Sir Michael said public trust in official figures was at a low
Ministers should not be shown official statistics before they are released, government statistics chief Sir Michael Scholar has said.
People did not trust official figures and thought politicians were "able to get at them", he told the BBC.
He said last month's premature release of knife crime statistics was just one example of figures being leaked.
Ministers are currently allowed to see official statistics 24 hours early, to allow them to prepare their response.
Figures suggesting there had been a 27% fall in hospital admissions for stab wounds were used by the government during an announcement on knife crime last month.
But Home Secretary Jacqui Smith apologised for being "too quick off the mark" after Sir Michael, the head of the UK Statistics Authority, complained that the figures had not been through proper checks and quality assurance.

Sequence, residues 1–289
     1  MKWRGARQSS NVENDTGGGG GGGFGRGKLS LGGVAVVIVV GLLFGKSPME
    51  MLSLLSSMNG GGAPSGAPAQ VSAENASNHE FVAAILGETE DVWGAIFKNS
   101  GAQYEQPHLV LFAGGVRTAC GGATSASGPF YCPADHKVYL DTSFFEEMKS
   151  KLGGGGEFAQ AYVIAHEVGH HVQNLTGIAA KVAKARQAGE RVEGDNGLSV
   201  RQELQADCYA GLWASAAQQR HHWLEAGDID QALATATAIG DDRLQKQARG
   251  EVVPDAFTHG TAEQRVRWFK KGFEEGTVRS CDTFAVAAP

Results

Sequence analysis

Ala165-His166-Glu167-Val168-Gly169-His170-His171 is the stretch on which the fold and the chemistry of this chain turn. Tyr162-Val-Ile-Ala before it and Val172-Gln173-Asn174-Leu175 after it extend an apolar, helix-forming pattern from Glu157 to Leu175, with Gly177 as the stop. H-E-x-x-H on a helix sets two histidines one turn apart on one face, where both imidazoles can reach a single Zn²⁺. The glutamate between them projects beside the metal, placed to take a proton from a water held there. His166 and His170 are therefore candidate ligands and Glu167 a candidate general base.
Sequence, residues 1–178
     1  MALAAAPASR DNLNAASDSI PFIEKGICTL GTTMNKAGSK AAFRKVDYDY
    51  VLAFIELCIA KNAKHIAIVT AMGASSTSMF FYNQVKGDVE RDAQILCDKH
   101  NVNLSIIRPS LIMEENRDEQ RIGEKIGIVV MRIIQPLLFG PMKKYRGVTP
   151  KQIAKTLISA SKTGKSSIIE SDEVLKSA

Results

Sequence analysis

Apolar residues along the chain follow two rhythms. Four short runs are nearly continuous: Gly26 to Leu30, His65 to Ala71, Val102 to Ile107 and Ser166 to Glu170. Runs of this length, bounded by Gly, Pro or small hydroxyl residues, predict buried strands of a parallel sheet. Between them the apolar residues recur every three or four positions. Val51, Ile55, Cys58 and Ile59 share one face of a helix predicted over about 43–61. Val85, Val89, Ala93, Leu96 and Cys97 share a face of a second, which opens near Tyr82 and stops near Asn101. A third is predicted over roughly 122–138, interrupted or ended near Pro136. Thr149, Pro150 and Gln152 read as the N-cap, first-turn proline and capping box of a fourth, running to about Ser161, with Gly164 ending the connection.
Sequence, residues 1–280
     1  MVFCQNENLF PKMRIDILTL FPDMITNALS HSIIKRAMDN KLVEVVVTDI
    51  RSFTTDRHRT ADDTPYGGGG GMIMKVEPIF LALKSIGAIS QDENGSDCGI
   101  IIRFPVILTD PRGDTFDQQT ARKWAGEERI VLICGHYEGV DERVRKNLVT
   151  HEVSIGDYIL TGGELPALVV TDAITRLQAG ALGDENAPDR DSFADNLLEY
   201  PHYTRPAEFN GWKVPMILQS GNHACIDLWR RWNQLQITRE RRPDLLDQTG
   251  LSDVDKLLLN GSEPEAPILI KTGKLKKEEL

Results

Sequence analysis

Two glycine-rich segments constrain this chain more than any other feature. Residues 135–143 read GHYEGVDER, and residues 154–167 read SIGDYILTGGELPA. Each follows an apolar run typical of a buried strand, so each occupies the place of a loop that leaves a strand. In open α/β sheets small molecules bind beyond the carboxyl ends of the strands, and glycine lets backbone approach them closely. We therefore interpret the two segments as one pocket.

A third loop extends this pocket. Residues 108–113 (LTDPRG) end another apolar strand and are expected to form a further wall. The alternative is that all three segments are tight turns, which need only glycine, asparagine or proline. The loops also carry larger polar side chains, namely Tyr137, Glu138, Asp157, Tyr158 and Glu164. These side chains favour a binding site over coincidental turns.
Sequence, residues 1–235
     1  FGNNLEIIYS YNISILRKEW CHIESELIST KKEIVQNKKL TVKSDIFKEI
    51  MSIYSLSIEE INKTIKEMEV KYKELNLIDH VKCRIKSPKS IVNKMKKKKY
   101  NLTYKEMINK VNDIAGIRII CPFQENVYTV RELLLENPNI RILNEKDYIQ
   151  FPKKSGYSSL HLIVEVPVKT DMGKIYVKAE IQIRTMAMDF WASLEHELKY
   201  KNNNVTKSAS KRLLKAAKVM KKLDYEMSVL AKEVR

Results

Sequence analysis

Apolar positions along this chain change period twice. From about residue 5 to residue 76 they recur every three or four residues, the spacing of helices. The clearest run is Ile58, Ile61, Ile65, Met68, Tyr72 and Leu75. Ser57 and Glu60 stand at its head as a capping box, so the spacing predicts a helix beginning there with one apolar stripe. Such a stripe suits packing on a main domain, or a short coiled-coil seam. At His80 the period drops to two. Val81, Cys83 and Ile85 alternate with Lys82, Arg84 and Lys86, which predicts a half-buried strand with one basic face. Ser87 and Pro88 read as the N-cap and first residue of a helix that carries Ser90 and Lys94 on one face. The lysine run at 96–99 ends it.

The government was attacked by the Conservatives and Liberal Democrats, who said they had been "caught peddling dodgy statistics" and accused them of "manipulative spinning".
On Friday Sir Michael told BBC Radio 4's World at One programme the knife crime data episode had been a "separate issue", adding: "It is centrally related to the trust agenda.
"People don't trust official statistics, they think politicians and political advisers have been able to get at them."
He said the UK should "move to a system in which everybody gets the figures at the same time", objectively produced by professional statisticians and "handed over at the same time to all sides of the political debate".
"That is when the politics should start. It shouldn't start while the numbers are being produced."
Sir Michael said public trust was at a low level and needed to be addressed.
"There have been incidences, there has been some in recent months, in which politicians - ministers and their political advisers, who have the figures in advance of the general public and Parliament have then leaked them, have put them out selectively to help them in a political argument which they are advancing."